Franklin Parrasch Gallery presents Echo’s in Talavera, an exhibition of new work by Rafael Delacruz (b. 1989, San Francisco, CA) in conversation with ceramic sculpture and works on paper by Ken Price (1935-2012).
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Rafael Delacruz considers a post-digital world by way of traditional means as he weaves surreal narratives in his canvases. Delacruz’s works, which typically employ painterly brushstrokes in tandem with flattened, screen-printed imagery, emulate a distorted and surreal, pixelated world of nomadic existence. Often rendered head-on, Delacruz mines a steady vernacular of near-universal, clip art-like icons; most common are day-to-day staples (e.g. apples, coffee mugs, baseball caps, sinks, and beds) and vehicular references (e.g. buses, cars, tires, shopping carts, and flying contraptions). Rather than imagined or implied space, these images appear to dictate both narrative heirarchy and visual outcomes. Within each piece, Delacruz rejects stylistic monotony in deference to dynamism and effect, and obscures and reveals information and events in vital syncopation. In many works, painted fields of color nestle into one another like fieldstones, establishing physical and emotional atmospheres and providing compositional – and, occasionally, literal – screens for the scenes unfolding within.
Delacruz considers the impact of Ken Price upon his work in the attached statement.
Rafael Delacruz was born in 1989 in San Francisco, CA, and holds a B.A. in Film Theory from San Francisco State University. He has participated in solo and group exhibitions at Reyes | Finn (Detroit, MI); Loyal Gallery (Stockholm, Sweden); Ratio 3 (San Francisco, CA); and Pilar Corrias (London, UK), amongst others. Delacruz has also published two limited-run zines with Nieves (Zurich, CH). This exhibition is Delacruz’s first with Franklin Parrasch Gallery.
The 1978 “Happy’s Curios” series by Ken Price – mainly all the pottery/print designs he would recreate from Mexican shops he would visit – was the first introduction to his work that really stood out to me. It’s a funny series to look back on, but I was really into the conceptual aspect of it, and emulating it and how it oscillates from folk to contemporary art.
I think about that 1978 show a lot when I think of Ken Price and this show we are all working on – in a way, taking his idea and re-animating it my way, just subtle and nothing drastic. I think it’s a good starting point for me, because I love Baja Mexican folk imagery: the characters, the lazy man sleeping, fashion, the earth tones of the pots, cliche sombreros, and the animals, especially the birds that are depicted. It’s all pop imagery and culture that makes me remember visiting family, and what my grandparents’ house would be decorated in.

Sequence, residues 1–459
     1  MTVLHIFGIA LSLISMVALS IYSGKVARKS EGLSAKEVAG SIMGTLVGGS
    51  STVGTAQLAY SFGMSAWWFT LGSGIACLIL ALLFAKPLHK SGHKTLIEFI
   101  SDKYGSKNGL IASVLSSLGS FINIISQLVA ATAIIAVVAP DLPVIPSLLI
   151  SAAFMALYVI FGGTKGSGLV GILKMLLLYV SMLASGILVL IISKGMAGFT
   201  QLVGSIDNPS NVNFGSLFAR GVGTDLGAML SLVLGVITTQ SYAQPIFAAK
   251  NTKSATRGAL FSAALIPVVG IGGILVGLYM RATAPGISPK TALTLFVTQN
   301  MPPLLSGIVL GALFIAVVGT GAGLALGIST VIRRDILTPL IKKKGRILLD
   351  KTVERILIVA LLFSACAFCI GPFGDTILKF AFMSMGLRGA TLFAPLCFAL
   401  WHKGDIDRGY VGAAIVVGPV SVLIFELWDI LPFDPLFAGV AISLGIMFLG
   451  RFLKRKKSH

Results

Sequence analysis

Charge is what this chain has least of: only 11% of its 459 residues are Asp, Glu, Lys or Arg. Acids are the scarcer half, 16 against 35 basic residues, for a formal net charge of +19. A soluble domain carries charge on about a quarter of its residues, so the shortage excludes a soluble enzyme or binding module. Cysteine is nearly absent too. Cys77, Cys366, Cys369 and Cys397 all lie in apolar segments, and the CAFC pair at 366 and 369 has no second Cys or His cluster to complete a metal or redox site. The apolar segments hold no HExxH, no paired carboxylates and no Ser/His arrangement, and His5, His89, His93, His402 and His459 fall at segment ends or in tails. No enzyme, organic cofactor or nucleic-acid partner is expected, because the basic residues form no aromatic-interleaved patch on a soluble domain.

Starting from that point in time in Ken’s career to the more “pop” work is a good mix: the zoomorphic ceramic shapes and almost dreary/afterlife paintings of interiors and still-ness of the California landscape is the most influential to my current life with painting and drawing. I love the combination of a frog taking place with a mug; the idea of blending objects together plays a big role in my drawing and when I start a painting. I love the transparent line weight of overlapping mark-making: a car blending into a bed or a bal- loon vendor carrying an array of animals all morphing into one another. Trying to distort the human figure within a landscape is how I see California and Ken Price’s later work. These vehicles – blobs – vessels take the mysterious shape and form of their native environment by banal domestic household items, or the ram- page of life – garbage – abject poverty – addiction.
The infinite meaning to the later ceramic/New Mexico work of Ken Price is also a current state of mind when I try to work on art. I like my process to have hints of nonlinear thinking, and mixing of old drawings and referencing old work into new work. It feels like rewiring ideas into an “abstract” timeline. The narrative is glitched between new and old; resurfacing ideas and finding new ways to start a painting is the most interesting process to me. Drawing plays a major role in my work, and I relate to Ken Price having that as a base to work off for his “impossible” sculptures. Having that fantasy of dream-like shapes and trying to recreate it in real life is very relatable.
On the most elementary level, I also love that Ken Price is from California and was involved in some type of surfing subculture besides the art world?! His old website was great, it felt as if the artist Martin Wong was a surfer. I love the personal hobby-website feel it had, especially his penmanship and funny manifesto about ceramics. I think the website is gone now.
Rafael Delacruz, Majolican torso, 2021. Acrylic, oil on canvas 68 x 74 inches